1. We use Beckman Coulter rotor SW 32 Ti, which has capacity to hold six 38 ml open-end tubes. Balance the tubes to the maximum difference of 0.5 g and centrifuge at 68,300 x g (20,000 rpm) for 2 h at 4 °C. With each tube holding 30 ml, a total 360 ml of media can be centrifuged in one run. If required to run more media, discard the supernatant after 1st spin without disturbing the pellet add fresh media for 2nd run.
        Note: Do not use the tubes filled less than half of its capacity which increases the risk of collapse.
      2. Pour off the supernatant after the run and aspirate rest of the droplets from the wall without disturbing the pellet.
      3. Transfer the centrifuge tubes in to 50 ml screw capped tubes and keep them upright on shaker at 4 °C overnight and allow the residual media to re-suspend pellet (roughly around 20-30 μl/tube).
      4. Centrifuge briefly and collect the re-suspended pellets from all the tubes, aliquot the concentrate in 4-10 μl volumes and store at -80 °C for more than a month. Avoid repeated cycles of thawing and freezing that can drastically reduce the viral titer.
      5. For in vivo injection, further purification of virus by sucrose cushion is recommended (Tiscornia et al., 2006).
    6. Sucrose cushion
      1. Collect the viral concentrate after overnight shaking and wash the tube with 100 µl of HBSS and pool it with collected viral concentrate.
      2. Using round bottom 5 ml tubes, fill it with 1.5 ml of 20% sucrose in HBSS and add 200 μl of viral concentrate. The rotor used is SW 55 Ti and after balancing, spin at 48,600 x g (20,000 rpm) for 2 h at 4 °C.
      3. Pour off the supernatant and allow rest to drain off by inverting the tubes. Re-suspend the pellet in 50-100 μl of HBSS, cover with Parafilm and shake slowly for 20-30 min.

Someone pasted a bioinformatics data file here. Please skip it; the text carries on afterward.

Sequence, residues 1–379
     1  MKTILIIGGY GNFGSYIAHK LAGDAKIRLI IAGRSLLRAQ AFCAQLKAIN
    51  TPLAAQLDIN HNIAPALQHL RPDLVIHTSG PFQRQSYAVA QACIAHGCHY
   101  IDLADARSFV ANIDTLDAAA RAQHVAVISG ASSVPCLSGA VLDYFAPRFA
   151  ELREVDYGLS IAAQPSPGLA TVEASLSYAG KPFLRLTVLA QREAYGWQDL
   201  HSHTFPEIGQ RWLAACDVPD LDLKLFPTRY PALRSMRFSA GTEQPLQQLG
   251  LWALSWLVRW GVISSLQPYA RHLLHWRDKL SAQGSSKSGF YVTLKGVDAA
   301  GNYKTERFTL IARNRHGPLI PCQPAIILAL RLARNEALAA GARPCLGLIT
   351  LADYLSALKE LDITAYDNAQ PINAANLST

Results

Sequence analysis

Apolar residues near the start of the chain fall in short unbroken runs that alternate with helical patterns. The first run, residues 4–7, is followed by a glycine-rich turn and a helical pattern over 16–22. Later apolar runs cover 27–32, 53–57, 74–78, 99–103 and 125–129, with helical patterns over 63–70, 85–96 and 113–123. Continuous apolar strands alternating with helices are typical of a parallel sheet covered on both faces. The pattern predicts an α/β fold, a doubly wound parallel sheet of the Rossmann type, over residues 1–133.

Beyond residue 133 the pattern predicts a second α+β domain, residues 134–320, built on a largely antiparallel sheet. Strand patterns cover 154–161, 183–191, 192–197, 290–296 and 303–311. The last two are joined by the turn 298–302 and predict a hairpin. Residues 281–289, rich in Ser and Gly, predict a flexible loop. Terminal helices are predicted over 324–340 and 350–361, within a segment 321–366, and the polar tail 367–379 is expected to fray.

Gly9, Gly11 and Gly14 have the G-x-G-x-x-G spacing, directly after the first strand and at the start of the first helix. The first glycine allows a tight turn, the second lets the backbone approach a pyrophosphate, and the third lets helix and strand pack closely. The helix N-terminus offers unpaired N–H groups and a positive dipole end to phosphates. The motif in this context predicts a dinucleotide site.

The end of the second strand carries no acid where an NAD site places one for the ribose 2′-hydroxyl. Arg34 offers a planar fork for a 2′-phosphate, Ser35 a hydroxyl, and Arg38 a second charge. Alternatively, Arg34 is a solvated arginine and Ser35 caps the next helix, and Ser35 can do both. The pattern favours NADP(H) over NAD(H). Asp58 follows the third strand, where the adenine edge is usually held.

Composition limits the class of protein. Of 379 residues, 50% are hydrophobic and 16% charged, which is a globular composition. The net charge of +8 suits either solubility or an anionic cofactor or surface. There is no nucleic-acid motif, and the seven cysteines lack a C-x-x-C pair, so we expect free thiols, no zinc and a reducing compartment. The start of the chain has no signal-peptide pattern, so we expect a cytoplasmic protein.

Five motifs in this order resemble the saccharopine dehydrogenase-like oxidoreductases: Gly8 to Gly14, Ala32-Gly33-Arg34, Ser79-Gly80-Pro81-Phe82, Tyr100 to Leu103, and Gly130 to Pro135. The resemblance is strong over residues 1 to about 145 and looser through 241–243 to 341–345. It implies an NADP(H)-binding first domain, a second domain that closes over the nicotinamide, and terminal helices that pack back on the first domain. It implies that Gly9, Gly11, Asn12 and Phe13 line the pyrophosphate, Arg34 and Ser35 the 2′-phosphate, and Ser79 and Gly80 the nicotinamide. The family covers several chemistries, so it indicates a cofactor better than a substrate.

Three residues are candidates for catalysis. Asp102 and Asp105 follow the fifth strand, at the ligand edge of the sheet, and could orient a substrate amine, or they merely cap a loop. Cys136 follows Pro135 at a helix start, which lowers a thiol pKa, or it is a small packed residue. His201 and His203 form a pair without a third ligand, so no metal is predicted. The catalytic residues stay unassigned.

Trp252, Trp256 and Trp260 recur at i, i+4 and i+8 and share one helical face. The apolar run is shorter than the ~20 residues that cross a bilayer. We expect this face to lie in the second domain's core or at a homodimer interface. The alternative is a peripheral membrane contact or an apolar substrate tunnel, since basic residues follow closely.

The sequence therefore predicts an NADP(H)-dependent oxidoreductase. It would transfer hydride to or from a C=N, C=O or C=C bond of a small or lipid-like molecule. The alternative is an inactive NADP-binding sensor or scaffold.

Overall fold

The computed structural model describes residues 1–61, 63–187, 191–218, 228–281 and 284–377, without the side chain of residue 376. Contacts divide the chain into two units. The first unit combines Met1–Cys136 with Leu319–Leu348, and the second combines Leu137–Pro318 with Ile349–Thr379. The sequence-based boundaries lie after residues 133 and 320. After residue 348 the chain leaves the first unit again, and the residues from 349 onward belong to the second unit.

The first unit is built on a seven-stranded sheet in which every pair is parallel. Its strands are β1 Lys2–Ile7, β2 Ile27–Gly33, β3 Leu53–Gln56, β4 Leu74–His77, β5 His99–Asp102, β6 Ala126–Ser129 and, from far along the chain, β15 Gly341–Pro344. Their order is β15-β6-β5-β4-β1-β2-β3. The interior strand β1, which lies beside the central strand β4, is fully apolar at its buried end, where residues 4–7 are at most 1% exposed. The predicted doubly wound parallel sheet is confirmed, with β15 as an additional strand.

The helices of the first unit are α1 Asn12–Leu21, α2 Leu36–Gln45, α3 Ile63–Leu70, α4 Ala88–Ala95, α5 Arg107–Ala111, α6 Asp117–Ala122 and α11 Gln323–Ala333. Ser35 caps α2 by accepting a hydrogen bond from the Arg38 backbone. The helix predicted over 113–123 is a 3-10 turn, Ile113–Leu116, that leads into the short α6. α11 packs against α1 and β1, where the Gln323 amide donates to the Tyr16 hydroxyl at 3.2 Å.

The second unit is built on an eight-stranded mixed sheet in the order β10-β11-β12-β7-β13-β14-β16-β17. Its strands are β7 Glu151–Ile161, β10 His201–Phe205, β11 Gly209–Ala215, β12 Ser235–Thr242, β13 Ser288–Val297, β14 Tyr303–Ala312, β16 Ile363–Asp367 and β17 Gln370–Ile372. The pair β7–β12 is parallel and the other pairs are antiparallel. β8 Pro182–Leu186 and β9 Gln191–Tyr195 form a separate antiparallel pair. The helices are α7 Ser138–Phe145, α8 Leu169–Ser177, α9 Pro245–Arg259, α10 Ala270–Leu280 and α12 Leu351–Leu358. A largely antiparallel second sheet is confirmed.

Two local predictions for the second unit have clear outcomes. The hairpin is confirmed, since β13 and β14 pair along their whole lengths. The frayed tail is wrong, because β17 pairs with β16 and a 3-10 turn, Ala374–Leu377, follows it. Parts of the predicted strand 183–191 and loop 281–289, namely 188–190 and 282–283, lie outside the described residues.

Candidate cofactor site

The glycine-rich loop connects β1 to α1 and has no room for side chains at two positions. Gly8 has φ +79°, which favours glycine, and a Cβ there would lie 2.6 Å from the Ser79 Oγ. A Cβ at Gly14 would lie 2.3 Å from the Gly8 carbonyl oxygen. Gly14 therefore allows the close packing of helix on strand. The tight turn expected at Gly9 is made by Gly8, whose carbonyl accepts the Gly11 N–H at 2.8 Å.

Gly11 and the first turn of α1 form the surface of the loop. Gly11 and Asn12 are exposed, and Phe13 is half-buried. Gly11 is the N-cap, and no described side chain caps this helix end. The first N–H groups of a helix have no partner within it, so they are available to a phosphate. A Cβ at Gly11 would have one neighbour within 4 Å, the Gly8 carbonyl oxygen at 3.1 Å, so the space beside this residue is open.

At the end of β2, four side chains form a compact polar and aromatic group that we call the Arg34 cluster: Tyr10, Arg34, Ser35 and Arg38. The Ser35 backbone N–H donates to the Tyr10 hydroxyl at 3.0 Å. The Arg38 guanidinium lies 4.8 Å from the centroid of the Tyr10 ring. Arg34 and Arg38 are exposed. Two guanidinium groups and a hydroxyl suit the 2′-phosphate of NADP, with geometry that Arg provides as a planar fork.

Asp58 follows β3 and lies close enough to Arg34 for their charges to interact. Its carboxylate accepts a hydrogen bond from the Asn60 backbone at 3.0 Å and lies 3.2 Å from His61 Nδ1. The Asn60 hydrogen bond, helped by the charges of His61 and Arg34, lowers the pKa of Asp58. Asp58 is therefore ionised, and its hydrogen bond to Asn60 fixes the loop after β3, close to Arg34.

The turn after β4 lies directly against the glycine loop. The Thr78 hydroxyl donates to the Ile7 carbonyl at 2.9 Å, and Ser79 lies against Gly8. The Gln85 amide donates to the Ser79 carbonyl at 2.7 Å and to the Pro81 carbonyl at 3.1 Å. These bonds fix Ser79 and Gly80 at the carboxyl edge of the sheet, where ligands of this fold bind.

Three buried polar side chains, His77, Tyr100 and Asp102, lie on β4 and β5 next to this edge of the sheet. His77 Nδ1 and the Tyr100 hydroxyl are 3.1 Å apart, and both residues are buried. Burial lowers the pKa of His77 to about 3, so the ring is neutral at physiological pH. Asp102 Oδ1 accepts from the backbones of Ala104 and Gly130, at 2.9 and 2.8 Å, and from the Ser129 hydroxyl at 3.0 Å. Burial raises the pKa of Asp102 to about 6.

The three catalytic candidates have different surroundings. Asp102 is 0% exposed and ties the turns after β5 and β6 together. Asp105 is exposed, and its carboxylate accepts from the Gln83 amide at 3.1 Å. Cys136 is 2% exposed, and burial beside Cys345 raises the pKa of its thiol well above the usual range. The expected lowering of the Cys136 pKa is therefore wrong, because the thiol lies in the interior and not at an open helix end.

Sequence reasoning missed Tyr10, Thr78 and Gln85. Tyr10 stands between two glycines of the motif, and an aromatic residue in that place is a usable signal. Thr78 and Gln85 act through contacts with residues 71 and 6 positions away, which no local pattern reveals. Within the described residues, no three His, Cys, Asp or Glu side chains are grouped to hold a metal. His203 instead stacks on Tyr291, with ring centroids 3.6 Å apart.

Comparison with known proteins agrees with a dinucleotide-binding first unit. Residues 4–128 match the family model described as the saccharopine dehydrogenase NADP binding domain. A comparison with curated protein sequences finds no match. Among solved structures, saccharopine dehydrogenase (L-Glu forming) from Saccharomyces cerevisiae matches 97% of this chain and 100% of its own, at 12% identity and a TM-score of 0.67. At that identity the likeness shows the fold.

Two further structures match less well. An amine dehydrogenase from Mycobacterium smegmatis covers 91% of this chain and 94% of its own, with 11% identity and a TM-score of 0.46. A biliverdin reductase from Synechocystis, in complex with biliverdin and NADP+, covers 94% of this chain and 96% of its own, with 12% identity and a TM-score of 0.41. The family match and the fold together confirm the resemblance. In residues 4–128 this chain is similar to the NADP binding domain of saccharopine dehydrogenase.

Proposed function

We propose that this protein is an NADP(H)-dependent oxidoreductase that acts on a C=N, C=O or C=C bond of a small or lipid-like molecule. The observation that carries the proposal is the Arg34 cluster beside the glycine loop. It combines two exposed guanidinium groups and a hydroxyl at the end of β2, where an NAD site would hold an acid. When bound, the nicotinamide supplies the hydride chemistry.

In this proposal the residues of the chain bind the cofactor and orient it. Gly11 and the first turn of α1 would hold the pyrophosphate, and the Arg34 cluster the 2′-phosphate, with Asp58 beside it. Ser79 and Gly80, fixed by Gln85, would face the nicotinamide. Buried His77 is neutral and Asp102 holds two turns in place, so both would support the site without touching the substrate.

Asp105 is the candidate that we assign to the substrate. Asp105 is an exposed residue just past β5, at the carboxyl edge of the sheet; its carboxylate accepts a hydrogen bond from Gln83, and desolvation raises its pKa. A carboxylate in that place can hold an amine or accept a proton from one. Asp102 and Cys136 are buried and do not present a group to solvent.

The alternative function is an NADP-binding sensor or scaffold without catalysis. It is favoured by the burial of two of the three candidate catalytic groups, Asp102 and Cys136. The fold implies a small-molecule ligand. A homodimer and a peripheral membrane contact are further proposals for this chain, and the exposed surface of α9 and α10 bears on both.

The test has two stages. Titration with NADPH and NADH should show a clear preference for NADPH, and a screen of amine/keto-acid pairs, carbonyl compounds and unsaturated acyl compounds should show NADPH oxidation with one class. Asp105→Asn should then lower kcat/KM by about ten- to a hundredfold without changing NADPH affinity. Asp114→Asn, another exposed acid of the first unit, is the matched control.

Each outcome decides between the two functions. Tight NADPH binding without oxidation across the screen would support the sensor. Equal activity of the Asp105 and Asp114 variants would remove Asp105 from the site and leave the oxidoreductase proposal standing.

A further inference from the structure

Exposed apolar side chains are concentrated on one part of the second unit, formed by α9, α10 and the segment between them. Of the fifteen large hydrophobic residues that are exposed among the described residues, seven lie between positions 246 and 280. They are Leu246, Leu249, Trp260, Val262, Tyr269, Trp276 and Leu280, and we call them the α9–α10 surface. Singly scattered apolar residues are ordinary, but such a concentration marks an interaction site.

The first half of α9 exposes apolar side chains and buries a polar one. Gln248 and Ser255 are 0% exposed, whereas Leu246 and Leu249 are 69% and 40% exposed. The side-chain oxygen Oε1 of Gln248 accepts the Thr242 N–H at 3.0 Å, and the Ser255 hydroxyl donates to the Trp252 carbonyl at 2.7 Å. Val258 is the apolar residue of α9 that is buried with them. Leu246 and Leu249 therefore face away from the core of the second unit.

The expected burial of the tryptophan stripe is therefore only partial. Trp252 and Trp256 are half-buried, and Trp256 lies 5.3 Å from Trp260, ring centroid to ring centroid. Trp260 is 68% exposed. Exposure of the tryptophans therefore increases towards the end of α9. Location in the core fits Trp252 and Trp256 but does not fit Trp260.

4. Collect the concentrate, aliquot it and store at -80 °C.
      5. Check for the titer in a reporter cell line. We use mouse embryonal fibroblasts, which express tdTomato reporter upon Cre expression.

  2. Titration of retrovirus
    MEF (mouse embryonic fibroblasts) cells are isolated from E13.5-14.5 embryos of CAG-Rosa-tdTomato reporter mice (THE JACKSON LABORATORY) (Durkin et al., 2013) for retrovirus titering. These cells express tdTomato when exposed to Cre-expressing viruses and allowing us to assess the viral infectivity. For virus titration, we use the procedure described by Tiscornia et al. (2006).
    1. Coat the 24-well plate with 500 µl poly-L-lysine per well with incubation at 37 °C for 30 min, aspirate the media and wash with autoclaved deionized water and let it dry for 1-2 h in biosafety hood.
    2. Plate 105 MEF cells in 500 µl D10 media per well in 24-well plate. Use a minimum of 8 wells including one as negative control.
    3. Incubate it for 6 h and then check after 6 h if they adhere to the plate.
    4. Make 10-fold dilutions of retrovirus (undiluted to 106) in PBS with total volume around 50 µl.
    5. Change 480 µl D10 media with polybrene at a concentration of 4 µg/ml.
    6. Add 20 µl of each viral dilution to the well and mix gently and thoroughly.
    7. Incubate the cells at 37 °C for 48 h. TdTomato will be visible within 24-48 h.
    8. Assess the percentage of tdTomato positive cells by counting on Neubauer cell counting chamber or by using FACS and calculate the titer by using following formula:

      Viral titer ≥ 107/ml is adequate for tumor formation.

  3. Intracranial stereotaxic injection procedure (Figure 1B)
    Note: Neonatal or young adult mice can also be used with appropriate stereotaxic device adapter.
    1. Pre-surgical preparation
      1. Switch on the incubator or heating pad.
      2. Check the micro-drill, anesthesia machine for oxygen pressure and adequate isoflurane flow and overhead light source.
      3. Set up the stereotaxic instrument as per the instructions of the manufacturer.
      4. Switch on the anesthesia machine with attachment for mouse enclosure. Oxygen flow (0.8-1.5 L/min) and isoflurane (2-3%) are set for induction of anesthesia and decreased to 1-1.5% for maintenance. Alternatively, use ketamine and xylazine combination which is injected intra-peritoneal.